Yesterday, for the first time I can recall all year, it was colder at Stanford than all the major cities on the East Coast. It was 58 degrees and partly sunny in Cambridge, Mass., 62 degrees and sunny in New York and 70 degrees and sunny in Washington, D.C. Unacceptable.
Like most MacBook owners, I have the weather widget on my dashboard. But my dashboard is set up to show me the forecast for four different cities at once: Stanford, New York City — where I’m from — Cambridge and New Haven — where my best friends go to school. When our forecast is so much better than it is on the East Coast, I take a screenshot of the reports, post it to Facebook and tag all of my friends.
I know — not a nice thing to do, but I’ve only done this twice…And I think my caption from my Jan. 14 upload says what I felt best: “Sorry — I kinda had to do this…it’s just too good.”
My freshman fall was categorized by excellent weather — a hot September and October, 70 degrees during Big Game Week and 60 in December. Nice as the fall may have been, the first half of winter quarter really outdid itself. Sure, it was cloudy the first few weeks, but no one can say that hitting 72 degrees in late January and 79 degrees in February is not phenomenal.
Beyond my rare photoblogging, my friends back on the East Coast can tell you I’ve not otherwise been humble about our gorgeous weather this year. I can’t even begin to count the number of Facebook statuses I posted along the lines of, “LAYING OUT IN 70-DEGREE WEATHER IN JANUARY. SO HAPPY” or “SUCH A BEAUTIFUL DAY!!!”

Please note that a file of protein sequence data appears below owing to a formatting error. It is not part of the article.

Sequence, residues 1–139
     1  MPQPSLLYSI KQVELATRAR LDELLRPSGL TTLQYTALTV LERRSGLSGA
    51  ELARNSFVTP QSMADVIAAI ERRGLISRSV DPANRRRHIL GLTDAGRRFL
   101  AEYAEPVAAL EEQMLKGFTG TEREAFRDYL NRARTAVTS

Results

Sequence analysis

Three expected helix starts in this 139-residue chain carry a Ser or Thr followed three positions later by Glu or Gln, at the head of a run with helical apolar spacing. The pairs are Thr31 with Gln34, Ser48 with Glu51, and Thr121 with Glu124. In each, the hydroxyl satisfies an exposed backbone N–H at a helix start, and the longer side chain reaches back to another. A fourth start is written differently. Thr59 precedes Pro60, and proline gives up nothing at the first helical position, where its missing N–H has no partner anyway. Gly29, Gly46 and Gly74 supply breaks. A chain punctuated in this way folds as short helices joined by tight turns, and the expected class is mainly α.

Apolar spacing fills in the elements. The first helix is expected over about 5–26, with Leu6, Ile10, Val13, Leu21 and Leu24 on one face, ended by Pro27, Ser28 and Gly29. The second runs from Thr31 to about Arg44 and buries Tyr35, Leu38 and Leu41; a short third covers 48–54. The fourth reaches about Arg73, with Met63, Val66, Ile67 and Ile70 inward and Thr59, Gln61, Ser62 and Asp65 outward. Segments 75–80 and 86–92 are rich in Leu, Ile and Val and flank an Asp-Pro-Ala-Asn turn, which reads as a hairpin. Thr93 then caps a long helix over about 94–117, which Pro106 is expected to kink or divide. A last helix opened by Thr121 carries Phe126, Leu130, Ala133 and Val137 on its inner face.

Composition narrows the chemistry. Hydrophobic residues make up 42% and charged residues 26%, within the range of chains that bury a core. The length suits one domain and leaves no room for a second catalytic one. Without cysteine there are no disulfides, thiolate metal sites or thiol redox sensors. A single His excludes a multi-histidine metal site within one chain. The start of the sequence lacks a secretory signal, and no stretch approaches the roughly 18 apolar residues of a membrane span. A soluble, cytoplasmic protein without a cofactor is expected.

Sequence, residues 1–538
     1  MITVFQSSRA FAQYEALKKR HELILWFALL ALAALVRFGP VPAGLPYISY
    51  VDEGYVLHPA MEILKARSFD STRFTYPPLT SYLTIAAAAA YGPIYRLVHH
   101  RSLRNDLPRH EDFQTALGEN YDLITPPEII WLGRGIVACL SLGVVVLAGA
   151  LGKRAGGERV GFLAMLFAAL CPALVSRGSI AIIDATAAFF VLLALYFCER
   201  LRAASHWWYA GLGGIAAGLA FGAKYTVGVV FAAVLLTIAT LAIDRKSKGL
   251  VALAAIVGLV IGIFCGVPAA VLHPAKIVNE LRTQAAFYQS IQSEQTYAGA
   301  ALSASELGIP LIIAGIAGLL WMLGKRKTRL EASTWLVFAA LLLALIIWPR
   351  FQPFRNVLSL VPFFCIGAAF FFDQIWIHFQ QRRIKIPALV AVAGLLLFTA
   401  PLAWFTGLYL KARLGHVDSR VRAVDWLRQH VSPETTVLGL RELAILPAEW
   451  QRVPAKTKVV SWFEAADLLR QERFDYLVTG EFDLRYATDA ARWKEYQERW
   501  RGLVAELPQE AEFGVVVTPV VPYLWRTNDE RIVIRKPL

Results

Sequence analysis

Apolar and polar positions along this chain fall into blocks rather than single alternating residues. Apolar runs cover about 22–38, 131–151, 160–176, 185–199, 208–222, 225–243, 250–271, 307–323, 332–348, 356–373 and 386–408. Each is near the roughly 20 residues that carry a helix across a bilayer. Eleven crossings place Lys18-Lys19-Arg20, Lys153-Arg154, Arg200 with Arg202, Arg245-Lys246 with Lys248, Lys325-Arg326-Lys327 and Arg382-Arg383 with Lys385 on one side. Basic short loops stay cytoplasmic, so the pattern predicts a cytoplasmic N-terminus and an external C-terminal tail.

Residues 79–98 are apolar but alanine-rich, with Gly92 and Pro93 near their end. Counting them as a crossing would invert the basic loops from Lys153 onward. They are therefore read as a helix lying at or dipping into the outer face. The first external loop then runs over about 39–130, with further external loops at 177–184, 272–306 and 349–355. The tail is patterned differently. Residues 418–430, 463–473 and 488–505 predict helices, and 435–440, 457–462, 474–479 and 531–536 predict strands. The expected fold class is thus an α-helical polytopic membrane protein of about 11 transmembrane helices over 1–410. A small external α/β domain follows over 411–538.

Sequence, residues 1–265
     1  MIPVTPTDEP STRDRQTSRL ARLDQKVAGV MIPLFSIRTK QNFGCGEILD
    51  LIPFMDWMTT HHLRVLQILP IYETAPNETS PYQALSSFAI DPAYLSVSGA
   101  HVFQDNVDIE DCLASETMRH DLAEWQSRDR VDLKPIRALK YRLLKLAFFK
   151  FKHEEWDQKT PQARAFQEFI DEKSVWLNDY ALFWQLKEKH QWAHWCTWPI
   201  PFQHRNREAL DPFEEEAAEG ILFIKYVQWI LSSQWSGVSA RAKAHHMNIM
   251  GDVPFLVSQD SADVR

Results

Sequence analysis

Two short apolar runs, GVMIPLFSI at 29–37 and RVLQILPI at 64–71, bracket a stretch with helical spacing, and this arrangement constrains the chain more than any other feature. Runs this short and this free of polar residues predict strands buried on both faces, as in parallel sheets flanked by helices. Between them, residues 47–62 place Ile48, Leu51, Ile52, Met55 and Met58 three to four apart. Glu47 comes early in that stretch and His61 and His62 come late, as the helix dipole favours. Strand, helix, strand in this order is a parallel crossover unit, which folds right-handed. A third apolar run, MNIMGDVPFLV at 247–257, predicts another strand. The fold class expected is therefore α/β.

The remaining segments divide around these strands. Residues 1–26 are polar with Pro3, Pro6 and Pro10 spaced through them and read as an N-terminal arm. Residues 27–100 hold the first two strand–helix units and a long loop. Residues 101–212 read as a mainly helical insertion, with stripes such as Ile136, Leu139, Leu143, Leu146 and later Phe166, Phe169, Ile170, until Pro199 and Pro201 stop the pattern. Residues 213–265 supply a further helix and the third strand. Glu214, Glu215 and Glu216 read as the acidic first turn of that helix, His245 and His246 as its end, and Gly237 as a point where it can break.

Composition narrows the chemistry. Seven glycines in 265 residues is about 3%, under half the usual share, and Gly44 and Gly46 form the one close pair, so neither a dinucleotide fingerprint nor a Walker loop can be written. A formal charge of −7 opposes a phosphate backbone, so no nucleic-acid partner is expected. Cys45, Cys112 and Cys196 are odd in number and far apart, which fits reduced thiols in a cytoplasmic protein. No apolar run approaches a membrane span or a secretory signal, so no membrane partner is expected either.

So, imagine how I feel now that I can’t brag.
On Monday afternoon, something about The Axe & Palm seemed strange to my friend and me as we walked over from our dorm — we soon realized that we couldn’t remember seeing it in cloudy weather. Tuesday night, the sound of wet, squeaky shoes against the floor was foreign enough to cause me to stop briefly and wonder what noise I was hearing.
As I left the Daily building that same night, I opened the backdoor to see an unfamiliar sight: rain falling in a continuous motion. I didn’t know what to do — my instinct was to retreat back inside, thinking I could wait out the rain — but then I realized I just had to bear it.
So, I turned my scarf (the days may be nice here, but the nights are cold), into a shawl and sped back to FloMo. My Facebook status that night was: “Rain?! How do I deal with this?!”
If you’re on the East Coast and are reading this, you’re probably thinking the same thing one of my friends at Penn commented: “OH NO NOT RAIN ANYTHING BUT THE RAIN.” But really, Gerren, this weather sucks.
Imagine trying to bike in the rain — your legs, perpendicular to the falling rain, get much wetter than they would if you walked, and your jeans consequently feel like death. If you’re biking against the wind, you can’t see a thing and blindly hope you won’t crash into another cyclist, the poles that close off streets to cars or a car itself. And even during the day, your hands freeze against the cold and wet handlebars. It’s truly Stanford’s biggest first world problem.
I’ve been told by many an upperclassman that I’ve been spoiled by this winter — I am fully aware of this and wholeheartedly embrace it. I’ve successfully worn shorts each month I’ve been at Stanford, and I haven’t had to shovel any snow (and New York has had a particularly nasty winter this year).
Yesterday during lunch, my entire dorm stared through the windows of the dining hall in awe. We didn’t understand how anyone could want to go outside in such a downpour. I could easily see how, in a normal winter, after two or three days of rain, class attendance might drop.
Harvard and Yale might have seasonal affective disorder (SAD), but that’s not what we signed on for, right? Seasonal depression belongs on the East Coast.
My pride was at stake in this weather — my friends never would have let me live this down if they discovered it before I pointed it out myself. But I beat them to the chase. And anyway, they can have their one nice day. They’re not the ones in a position to complain that a forecast of 50 degrees and rain in February is bad.
Hey East Coast, you’ve got some snow headed your way in the next week! If you’re mad, send some Kristian’s way at kbailey ‘at’ stanford.edu.